The "Deflationary Vortex": Global Dollar Economy Suffers Biggest Plunge Since Lehman, Down $4 TrillionSubmitted by Tyler Durden on 01/20/2015 16:28 -0500
One of the macroeconomic observations that has gotten absolutely no mention in recent months is the curious fact that while global economic growth has not imploded in recent quarters, it is because GDP has been represented, as is customary, in local currency terms. Of course, this comes as a time when local currencies (at least those which are not the USD) have been plunging against the greenback on the back of the expectations that the Fed will hike rates some time in the summer or later in 2015. Which also means that in "dollar economy" terms, i.e., converted in USD, things are not nearly as good. In fact, as the chart below shows, the global dollar economy is not only shrinking fast, but it is doing so at the fastest pace since the Lehman collapse, having lost a whopping $4 trillion, or a whopping 5% drop, in just the last 6 months!
Another Former Central Banker Finally Gets It: "The Idea That Monetary Stimulus Is The Answer Doesn't Seem Right"Submitted by Tyler Durden on 01/20/2015 10:12 -0500
What is it about central bankers who wait to tell the truth only after they have quit their post. First it was the maestro himself, the Fed's Alan Greenspan (most recently in "Greenspan's Stunning Admission: "Gold Is Currency; No Fiat Currency, Including the Dollar, Can Match It"), and now it is the Bank of England's former head, Mervyn King, who yesterday told an audience at the LSE that "more monetary stimulus will not help the world economy return to strong growth." That this is happening just as we learn that in one year the world's 1% will collectively own more wealth than the rest of the world combined, and two days before Goldman's Mario Draghi unleashed up to €1 trillion (if not unlimited) in QE, is hardly as surprise, and will be surely ignored by everyone until the inevitable outcome of another "French revolution" finally arrives.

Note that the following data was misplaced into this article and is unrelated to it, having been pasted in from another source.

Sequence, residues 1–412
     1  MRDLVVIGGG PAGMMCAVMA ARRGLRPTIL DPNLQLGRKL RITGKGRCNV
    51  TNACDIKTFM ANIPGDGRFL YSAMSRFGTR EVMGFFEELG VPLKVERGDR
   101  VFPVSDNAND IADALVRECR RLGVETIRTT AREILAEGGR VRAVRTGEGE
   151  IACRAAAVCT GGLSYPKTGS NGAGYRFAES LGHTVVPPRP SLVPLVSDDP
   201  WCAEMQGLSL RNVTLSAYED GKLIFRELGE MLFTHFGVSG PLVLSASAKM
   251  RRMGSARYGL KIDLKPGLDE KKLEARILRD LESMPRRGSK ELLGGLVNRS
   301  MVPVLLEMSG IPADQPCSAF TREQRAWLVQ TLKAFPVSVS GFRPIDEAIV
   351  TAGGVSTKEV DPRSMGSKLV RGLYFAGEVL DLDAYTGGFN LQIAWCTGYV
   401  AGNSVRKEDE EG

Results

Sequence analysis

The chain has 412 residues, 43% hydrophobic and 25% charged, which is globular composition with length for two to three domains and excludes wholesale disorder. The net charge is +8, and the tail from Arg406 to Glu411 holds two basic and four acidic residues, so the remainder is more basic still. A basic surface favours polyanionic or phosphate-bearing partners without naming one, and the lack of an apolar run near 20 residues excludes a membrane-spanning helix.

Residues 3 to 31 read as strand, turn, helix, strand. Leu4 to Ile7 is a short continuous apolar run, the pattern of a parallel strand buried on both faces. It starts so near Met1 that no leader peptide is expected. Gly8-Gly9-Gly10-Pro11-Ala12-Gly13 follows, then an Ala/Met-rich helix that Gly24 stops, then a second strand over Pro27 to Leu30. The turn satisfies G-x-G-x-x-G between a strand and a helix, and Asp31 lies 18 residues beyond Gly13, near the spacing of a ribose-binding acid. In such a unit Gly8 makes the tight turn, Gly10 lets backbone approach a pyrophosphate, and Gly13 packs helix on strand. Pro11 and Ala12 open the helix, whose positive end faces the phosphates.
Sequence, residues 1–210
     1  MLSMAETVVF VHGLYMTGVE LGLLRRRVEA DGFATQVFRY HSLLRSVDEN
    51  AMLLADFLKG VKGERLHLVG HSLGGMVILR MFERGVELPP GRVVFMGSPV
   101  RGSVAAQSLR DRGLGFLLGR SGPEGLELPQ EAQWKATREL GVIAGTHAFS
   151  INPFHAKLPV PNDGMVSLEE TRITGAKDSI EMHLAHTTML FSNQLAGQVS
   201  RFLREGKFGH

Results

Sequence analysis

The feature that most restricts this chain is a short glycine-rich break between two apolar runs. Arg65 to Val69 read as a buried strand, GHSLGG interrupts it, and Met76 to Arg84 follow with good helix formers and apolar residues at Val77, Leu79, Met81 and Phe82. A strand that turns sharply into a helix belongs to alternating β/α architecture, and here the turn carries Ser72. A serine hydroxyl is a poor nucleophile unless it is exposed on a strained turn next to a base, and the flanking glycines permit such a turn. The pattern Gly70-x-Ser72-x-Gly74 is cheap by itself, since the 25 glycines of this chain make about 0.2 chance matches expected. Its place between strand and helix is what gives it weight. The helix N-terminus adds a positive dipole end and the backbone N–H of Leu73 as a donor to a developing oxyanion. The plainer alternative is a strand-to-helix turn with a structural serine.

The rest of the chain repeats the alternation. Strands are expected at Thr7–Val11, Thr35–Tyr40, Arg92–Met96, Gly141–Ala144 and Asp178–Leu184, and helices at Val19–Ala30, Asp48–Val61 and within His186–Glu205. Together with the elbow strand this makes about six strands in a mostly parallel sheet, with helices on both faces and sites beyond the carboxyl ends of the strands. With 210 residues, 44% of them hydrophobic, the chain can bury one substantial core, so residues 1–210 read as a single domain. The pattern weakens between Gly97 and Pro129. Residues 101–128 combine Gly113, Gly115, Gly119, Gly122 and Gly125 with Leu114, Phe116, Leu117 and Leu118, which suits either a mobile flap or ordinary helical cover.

As 2015 begins, policymakers around the world are faced with three fundamental choices: to strive for economic growth or accept stagnation; to work to improve stability or risk succumbing to fragility; and to cooperate or go it alone. The stakes could not be higher; 2015 promises to be a make-or-break year for the global community. The new networks of influence should be embraced and given space in the twenty-first century architecture of global governance. This is what I have called the “new multilateralism.”
Top ten things that investors will likely be watching in the week ahead.
What we see now is the recovery of price discovery, and therefore the functioning economy, and it shouldn’t be a big surprise that it doesn’t come in a smooth transition. Six years is a long time. Moreover, it was never just QE that distorted the markets, there was – and is – the ultra-low interest rate policy developed nations’ central banks adhere to like it was the gospel, and there’s always been the narrative of economic recovery just around the corner that the politico/media system incessantly drowned the world in. That the QE madness ended with the decapitation of the price of oil seems only fitting.
As a one-day upward move in a major currency its had few peers through history and is firmly in the top 10 of daily upward moves for any currency (vs the dollar) that we have data for which in many cases goes back into the nineteenth century. Most of the others in this top 10 are EM countries. So this is a rare event as when a peg gets abandoned and a big move ensues it’s usually a devaluation from a fixed rate system.What makes this move shocking is that just last month the SNB committed themselves to preventing their currency appreciating beyond 1.20 to the Euro and vowed they would enforce the policy with "the utmost determination". The risk for the global financial system is that if the SNB can make such a dramatic u-turn could other central banks follow at some point. We're not so concerned here as their situation is arguably a lot different to the ECB. The ECB might actually look at the wider market moves yesterday and be scared to disappoint.